The hon. and learned Lady asked two specific questions, the first of which was about decontamination. I assume that she was referring to the original incident. A number of sites relating to the original incident were cordoned off. Once the police had finished their investigation of those sites, they were made available to the scientists and experts for decontamination. Not all the sites from the original incident have been fully decontaminated. Those that have been decontaminated have of course been opened up and are safe, but some sites are still going through the decontamination process.

As for the new incident, a number of sites have been cordoned off and are being used for live police investigation. The decontamination will not begin until the police investigations are complete. Once the police are ready they will of course hand the sites over for decontamination, but the police work will take priority and the sites will be cordoned off. It is worth mentioning that all the sites will be protected. We would not want someone to enter them even accidentally—not just from a policing perspective, but of course because they have not been decontaminated, or the decision has not been made—so they are guarded at all times.

The hon. and learned Lady also asked about the batch. She is right to remind the House that the nerve agent used in the latest incident is the same as that used in the incident on 4 March, but the scientists have not been able to identify or determine whether it is from the same batch. It may well be, but that is not known at this point. That is partly due to the sample that the scientists at Porton Down have at this point. From this incident, they have blood samples from the two individuals who were contaminated, and these samples are not strong enough to match to a batch. That might well be possible if further evidence is available later in the investigation.

May I provide some reassurance to the Home Secretary and the shadow Home Secretary? I have known Assistant Commissioner Basu since his time as borough commander in Barnet, and he is an excellent police officer. No doubt he will be thorough in his investigation and certainly very professional. Will the Home Secretary provide me with some reassurance that Assistant Commissioner Basu has the necessary resources, because he really is looking for a needle in a haystack? The second contamination occurred some distance from the first, so he has a very large area to cover.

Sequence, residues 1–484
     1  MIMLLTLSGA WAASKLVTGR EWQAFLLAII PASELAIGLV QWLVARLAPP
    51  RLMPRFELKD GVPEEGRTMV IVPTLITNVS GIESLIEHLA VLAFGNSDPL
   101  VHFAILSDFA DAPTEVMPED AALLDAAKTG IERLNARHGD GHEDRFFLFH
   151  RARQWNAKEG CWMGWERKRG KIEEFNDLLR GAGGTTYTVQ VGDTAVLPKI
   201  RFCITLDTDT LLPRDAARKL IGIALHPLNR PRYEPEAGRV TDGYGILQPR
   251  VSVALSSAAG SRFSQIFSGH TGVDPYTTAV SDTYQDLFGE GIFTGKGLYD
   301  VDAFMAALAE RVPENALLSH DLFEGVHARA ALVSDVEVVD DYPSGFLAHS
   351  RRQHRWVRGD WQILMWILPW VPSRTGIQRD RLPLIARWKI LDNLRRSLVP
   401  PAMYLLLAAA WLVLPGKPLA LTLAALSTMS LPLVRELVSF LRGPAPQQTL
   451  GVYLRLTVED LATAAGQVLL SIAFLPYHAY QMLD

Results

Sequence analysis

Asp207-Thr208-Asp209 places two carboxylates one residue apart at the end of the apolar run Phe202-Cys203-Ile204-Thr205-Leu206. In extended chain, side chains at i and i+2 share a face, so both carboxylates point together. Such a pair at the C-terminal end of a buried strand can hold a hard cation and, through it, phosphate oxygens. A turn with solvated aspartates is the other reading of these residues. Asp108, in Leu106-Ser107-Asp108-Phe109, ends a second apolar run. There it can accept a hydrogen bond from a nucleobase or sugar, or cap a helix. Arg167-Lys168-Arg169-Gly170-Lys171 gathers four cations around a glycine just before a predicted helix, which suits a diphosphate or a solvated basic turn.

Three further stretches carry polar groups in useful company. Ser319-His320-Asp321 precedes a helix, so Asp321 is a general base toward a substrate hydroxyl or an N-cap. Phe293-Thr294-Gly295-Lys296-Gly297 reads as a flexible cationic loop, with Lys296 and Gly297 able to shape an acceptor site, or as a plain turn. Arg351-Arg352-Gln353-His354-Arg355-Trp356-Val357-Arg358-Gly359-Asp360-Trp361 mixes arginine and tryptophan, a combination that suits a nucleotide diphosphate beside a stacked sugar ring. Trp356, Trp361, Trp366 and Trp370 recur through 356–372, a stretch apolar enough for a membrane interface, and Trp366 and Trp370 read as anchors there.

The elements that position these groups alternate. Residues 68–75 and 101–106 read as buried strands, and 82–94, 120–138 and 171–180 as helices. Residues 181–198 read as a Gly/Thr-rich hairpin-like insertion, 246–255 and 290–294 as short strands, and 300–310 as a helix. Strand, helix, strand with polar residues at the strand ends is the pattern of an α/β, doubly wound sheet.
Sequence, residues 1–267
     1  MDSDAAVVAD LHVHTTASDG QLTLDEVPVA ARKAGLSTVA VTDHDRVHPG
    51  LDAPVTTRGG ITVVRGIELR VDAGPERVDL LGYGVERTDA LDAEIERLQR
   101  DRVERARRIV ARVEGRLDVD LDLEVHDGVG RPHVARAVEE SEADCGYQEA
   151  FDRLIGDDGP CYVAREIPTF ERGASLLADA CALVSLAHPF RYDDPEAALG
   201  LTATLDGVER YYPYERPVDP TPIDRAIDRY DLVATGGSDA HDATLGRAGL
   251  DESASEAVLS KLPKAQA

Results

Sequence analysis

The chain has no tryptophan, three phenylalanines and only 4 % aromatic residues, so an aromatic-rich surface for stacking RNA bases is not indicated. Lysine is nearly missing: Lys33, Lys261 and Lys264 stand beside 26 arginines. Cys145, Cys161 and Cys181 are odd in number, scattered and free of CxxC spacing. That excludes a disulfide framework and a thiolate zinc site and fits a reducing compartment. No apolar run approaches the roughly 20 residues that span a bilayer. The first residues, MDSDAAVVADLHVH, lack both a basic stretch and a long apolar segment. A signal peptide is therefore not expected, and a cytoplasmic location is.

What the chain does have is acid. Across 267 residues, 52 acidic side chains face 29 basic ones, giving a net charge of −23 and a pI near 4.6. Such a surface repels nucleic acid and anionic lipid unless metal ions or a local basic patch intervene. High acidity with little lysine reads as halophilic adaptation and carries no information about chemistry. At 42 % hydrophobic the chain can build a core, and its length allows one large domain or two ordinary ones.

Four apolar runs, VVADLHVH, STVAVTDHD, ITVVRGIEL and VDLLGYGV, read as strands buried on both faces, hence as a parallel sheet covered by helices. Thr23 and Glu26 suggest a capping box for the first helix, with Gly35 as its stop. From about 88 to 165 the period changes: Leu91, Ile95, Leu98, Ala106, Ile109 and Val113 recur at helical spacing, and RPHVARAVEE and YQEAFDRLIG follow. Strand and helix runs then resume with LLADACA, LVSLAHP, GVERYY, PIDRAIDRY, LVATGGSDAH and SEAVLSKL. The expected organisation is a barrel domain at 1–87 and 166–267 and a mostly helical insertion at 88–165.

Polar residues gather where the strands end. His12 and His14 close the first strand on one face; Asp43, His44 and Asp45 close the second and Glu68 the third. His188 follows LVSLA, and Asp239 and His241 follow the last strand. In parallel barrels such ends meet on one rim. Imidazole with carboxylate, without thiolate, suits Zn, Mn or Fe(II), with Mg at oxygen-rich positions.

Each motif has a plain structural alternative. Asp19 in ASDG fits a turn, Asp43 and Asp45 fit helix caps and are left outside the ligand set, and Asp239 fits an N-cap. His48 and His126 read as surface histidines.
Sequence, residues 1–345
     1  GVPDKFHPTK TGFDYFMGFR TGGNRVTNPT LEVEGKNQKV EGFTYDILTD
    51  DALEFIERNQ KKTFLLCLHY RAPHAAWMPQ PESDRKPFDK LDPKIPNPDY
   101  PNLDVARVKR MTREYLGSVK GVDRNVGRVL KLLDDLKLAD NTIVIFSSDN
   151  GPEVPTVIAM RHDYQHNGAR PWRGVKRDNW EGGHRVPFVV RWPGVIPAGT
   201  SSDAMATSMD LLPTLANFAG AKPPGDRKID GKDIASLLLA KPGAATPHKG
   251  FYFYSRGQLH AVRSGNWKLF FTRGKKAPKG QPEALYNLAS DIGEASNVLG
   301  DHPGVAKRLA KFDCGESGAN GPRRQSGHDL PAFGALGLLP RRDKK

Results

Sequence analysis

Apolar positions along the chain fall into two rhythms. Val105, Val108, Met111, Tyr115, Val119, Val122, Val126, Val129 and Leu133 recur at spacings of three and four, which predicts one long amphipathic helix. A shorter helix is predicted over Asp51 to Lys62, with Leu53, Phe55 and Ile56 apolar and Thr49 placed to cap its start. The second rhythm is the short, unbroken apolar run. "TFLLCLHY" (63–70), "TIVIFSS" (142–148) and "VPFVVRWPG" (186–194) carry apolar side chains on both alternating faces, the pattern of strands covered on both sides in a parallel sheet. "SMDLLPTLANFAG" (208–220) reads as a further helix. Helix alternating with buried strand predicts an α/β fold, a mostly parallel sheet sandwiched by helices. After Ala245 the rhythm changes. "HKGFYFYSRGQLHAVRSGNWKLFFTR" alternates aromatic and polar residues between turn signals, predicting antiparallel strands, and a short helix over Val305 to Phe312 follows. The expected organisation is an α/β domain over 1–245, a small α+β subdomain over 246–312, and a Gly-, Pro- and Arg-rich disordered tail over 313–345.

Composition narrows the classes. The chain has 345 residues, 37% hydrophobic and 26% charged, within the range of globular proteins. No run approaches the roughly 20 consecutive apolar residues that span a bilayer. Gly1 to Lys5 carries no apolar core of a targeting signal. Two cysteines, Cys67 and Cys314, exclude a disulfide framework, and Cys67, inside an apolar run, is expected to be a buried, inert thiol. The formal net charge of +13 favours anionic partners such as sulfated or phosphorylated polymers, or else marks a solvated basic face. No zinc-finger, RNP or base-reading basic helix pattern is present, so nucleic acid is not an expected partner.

I thank my hon. Friend for expressing his confidence in Neil Basu, who has been leading both investigations, into the original incident and in this case. He has also excelled himself in his response to some of the terrorist attacks that, sadly, the country has seen.

My hon. Friend asks me particularly about resources. I would like to assure him on that. One of the reasons I went to speak to the chief constable locally, and have spoken to counter-terrorism police both last week and today, was to assure myself on that point. I remind my hon. Friend that as well as the more than 100 counter-terrorism police officers there locally at the moment, there is support from Wiltshire police in their work and other constabularies are also involved through a mutual aid process. When the second incident occurred, Wiltshire police requested support from military police as well, to help guard some of the sites. That military police support was on the ground within 48 hours. I believe that at this point there is enough support, but we will keep that under review, and if more support is needed, we will of course make it available.

I thank the Home Secretary for his update on the murder investigation into this vile use of a chemical weapon on British soil. I join him and the shadow Home Secretary in sending our condolences to Dawn Sturgess’s family and our thoughts to Charlie Rowley.

May I ask the Home Secretary further about how the Home Office and the counter-terrorism police are working together to ensure not only that this investigation rightly has the resources and the immense expertise that it needs—I know he is doing that—but that counter-terrorism police can continue their important work on wider threats to this country? Have the police given him any timetable for any further updates?

I thank the right hon. Lady for her comments. She asks a very important question. She will know that the Home Office works closely with counter-terrorism policing generally in any case, so every week I meet the head of counter-terrorism policing to get an update on the most important cases. Of course, this is one of those that will be getting a lot of attention, as is the original incident on 4 March.